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Mischief trial begins for 3 men accused in Alberta COVID-19 border blockade |

A Crown prosecutor said Wednesday the trial of three men accused for their role in Alberta’s border blockade two years ago had nothing to do with their beliefs or their right to protest.

Marco Van Huigenbos, Alex Van Herk and Gerhard Janzen each pleaded not guilty to mischief over $5,000.

Protesting health restrictions linked to the COVID-19 pandemic halted traffic through Alberta’s main border crossing with Montana for more than two weeks in 2022.

“Many people have been affected by COVID-19 and the responses to it. This prosecution is not about that,” said Crown prosecutor Steven Johnston, turning to the jury of eight men and six women.

“This essay is not about people’s personal feelings about COVID. This is not a trial over the right to protest.

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Johnston told jurors you can’t interfere with the use of a highway to achieve a goal. He said the three accused played a “key role” in blocking the highway in Coutts, Alta., a village of about 200 people.

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“The Crown is not alleging that these three men before you committed a single act of violence,” he said.

“What the Crown is alleging is that as part of a larger group, they obstructed the use of a major highway in southern Alberta for approximately two weeks. In fact, they had obtained a control valve on Highway 4, the highway that belongs to the province.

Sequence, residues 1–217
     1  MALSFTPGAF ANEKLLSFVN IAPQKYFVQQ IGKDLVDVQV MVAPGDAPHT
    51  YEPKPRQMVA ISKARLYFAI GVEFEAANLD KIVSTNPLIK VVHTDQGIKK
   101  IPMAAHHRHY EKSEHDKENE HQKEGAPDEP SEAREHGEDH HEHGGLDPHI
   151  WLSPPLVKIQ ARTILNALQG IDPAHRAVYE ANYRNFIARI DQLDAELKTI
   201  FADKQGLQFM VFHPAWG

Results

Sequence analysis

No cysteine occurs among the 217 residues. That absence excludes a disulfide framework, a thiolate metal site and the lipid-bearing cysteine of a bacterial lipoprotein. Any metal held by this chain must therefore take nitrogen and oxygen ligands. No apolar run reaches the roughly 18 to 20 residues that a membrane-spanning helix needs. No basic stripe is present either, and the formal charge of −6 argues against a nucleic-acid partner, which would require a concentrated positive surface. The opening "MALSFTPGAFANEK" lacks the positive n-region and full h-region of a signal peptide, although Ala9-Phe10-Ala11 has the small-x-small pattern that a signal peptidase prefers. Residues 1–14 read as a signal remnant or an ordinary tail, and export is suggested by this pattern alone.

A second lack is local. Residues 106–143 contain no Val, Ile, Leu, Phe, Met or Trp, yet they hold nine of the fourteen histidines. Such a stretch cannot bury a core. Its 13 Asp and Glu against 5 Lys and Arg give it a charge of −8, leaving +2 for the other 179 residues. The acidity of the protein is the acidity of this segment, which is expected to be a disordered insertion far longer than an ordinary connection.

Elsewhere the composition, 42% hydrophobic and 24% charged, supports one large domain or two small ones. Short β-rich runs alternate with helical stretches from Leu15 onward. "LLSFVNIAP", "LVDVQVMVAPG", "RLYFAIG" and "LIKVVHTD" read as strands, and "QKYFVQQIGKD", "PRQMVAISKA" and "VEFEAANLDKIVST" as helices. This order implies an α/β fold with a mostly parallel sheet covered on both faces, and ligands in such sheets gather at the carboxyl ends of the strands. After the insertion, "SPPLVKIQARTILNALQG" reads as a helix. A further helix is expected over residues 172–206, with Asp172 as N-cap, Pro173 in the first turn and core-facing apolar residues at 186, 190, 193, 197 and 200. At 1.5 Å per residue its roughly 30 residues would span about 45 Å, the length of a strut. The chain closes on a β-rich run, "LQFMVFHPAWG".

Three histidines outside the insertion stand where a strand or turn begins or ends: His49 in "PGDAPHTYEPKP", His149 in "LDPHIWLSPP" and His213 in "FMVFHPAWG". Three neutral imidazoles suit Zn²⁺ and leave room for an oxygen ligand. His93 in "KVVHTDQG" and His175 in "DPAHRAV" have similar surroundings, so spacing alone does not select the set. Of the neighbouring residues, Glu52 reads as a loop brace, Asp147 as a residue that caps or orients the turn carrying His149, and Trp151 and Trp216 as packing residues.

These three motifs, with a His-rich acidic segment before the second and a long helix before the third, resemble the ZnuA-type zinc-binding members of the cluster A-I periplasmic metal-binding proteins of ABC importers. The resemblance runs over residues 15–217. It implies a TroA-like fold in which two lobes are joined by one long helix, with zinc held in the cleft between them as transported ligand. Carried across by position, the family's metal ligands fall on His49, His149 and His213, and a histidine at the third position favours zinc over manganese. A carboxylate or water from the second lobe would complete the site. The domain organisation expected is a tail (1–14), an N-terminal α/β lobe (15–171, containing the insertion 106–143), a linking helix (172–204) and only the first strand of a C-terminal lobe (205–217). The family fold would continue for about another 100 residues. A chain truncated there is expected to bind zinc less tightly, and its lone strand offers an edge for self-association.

Johnston said the evidence will show the three men were the leaders of the protest and had the final say on what happened. He said after 15 days, a single video message the men posted online accomplished what the RCMP could not.

“The protest ended shortly after,” he said.

“They were the group that had the ability to turn the blockade on and off.”

Johnston said he would call Jim Willett, the former mayor of Coutts, as his first witness.

Before Johnston’s comments, Judge Keith Yamauchi spent 40 minutes instructing jurors and emphasizing that all three men are presumed innocent until proven guilty beyond a reasonable doubt.

“You are the judges of fact… not lawyers, not investigators,” Yamauchi said.

“You must determine whether each of them is guilty or not guilty of the charge against them. It is important that you do not form your opinion until you have heard all the evidence.

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The trial is expected to run until April 19.

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